Wednesday, July 21, 2021

The Daily Bible Readings for Wednesday, July 21, 2021

 
The Lost Sheep by Robert Barrett

The Daily Bible Readings
Wednesday, July 21, 2021
Psalm 61; 2 Samuel 9:1-13; Luke 15:1-7 (NIV)
with commentaries from Matthew Henry's Concise Commentary on the Bible

Introduction

In today’s lectionary readings, we read in the Psalter how David longs to dwell in God’s tent forever. From the Prophets, we read that David adopted Jonathan’s disabled son after Jonathan was killed in battle. In Luke’s gospel, we read Jesus’ parable of the lost sheep. In our verse-of-the-day, we read the psalmist affirms that he was so disposed as to desire nothing more than to follow righteousness and truth.

Today’s Verse-of-the-Day:
Psalm 119:30

I have chosen the way of faithfulness; I have set my heart on your laws.
The psalmist knows that if he has this desire to be guided by God’s word, his life will be full of purpose and meaning. Though he may be unsure of his future, mocked by friends, or persecuted by rulers, he will always be loyal to God’s word. This gives him the confidence to trust in God when he is in distress. God’s word strengthens him. He therefore prays for increased understanding and greater inner strength to refuse what is evil and choose what is good.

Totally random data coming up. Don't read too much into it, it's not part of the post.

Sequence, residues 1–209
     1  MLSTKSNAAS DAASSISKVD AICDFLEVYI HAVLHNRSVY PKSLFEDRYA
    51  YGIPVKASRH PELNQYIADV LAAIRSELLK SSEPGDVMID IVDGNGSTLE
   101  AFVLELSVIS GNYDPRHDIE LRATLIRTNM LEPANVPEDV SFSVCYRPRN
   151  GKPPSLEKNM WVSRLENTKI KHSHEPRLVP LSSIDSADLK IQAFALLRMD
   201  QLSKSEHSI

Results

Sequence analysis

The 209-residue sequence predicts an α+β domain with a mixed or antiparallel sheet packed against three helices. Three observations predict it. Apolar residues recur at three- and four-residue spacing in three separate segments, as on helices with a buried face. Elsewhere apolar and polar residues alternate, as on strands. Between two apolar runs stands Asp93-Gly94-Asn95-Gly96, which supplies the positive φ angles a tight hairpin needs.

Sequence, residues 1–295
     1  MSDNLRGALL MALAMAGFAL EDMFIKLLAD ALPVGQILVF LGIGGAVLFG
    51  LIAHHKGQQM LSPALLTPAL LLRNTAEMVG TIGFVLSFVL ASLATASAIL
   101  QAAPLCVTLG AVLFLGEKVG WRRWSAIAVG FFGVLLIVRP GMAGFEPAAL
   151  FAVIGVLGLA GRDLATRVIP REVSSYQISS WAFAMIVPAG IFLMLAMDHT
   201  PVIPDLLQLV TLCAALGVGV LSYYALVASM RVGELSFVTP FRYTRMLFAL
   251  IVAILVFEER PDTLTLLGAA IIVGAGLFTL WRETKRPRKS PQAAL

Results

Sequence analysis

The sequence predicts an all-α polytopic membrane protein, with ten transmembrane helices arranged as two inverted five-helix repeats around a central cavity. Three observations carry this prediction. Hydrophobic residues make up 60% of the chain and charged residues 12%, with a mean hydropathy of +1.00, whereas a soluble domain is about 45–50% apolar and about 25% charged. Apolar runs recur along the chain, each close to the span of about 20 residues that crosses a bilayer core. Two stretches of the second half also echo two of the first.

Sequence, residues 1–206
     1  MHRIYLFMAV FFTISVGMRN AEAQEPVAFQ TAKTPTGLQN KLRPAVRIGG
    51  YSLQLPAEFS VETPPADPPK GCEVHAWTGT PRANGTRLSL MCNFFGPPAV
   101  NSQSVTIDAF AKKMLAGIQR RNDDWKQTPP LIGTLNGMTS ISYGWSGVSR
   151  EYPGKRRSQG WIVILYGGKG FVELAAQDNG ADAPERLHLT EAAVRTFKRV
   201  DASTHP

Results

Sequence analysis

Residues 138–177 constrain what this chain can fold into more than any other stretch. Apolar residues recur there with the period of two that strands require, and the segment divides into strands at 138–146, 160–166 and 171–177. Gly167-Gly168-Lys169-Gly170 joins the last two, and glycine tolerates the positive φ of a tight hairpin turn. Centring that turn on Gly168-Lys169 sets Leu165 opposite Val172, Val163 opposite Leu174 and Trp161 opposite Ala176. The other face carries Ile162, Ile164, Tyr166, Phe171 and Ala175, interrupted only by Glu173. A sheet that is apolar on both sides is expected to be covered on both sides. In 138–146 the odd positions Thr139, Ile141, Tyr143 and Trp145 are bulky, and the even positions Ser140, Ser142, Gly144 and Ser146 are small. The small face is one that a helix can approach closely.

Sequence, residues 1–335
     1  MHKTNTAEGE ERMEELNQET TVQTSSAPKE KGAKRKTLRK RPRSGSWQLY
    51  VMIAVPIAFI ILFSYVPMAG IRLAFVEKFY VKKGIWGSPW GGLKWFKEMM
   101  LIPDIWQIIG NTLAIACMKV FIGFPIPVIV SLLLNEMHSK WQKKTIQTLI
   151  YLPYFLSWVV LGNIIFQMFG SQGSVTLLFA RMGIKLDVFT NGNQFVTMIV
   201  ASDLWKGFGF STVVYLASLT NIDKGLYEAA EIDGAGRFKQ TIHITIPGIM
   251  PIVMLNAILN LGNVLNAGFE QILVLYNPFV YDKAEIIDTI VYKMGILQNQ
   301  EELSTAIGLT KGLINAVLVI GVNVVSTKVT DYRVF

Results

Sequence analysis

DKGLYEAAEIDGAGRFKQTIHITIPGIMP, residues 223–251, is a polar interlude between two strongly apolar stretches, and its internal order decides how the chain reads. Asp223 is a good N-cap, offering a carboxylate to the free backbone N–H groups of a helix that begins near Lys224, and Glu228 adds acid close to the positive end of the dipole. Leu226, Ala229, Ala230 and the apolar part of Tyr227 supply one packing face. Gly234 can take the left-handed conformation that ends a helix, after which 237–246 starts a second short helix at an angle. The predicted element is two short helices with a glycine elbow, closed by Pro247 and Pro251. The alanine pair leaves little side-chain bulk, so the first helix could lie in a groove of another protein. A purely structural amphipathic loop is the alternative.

Today’s Lectionary Readings:
From the Psalter

Psalm 61
Let me Abide in your Tent Forever


1 Hear my cry, O God;
     listen to my prayer.

2 From the ends of the earth I call to you,
     I call as my heart grows faint;
     lead me to the rock that is higher than I.
3 For you have been my refuge,
     a strong tower against the foe.

4 I long to dwell in your tent forever
     and take refuge in the shelter of your wings.
5 For you, God, have heard my vows;
     you have given me the heritage of those who fear your name.

6 Increase the days of the king’s life,
     his years for many generations.
7 May he be enthroned in God’s presence forever;
     appoint your love and faithfulness to protect him.

8 Then I will ever sing in praise of your name
     and fulfill my vows day after day.


Commentary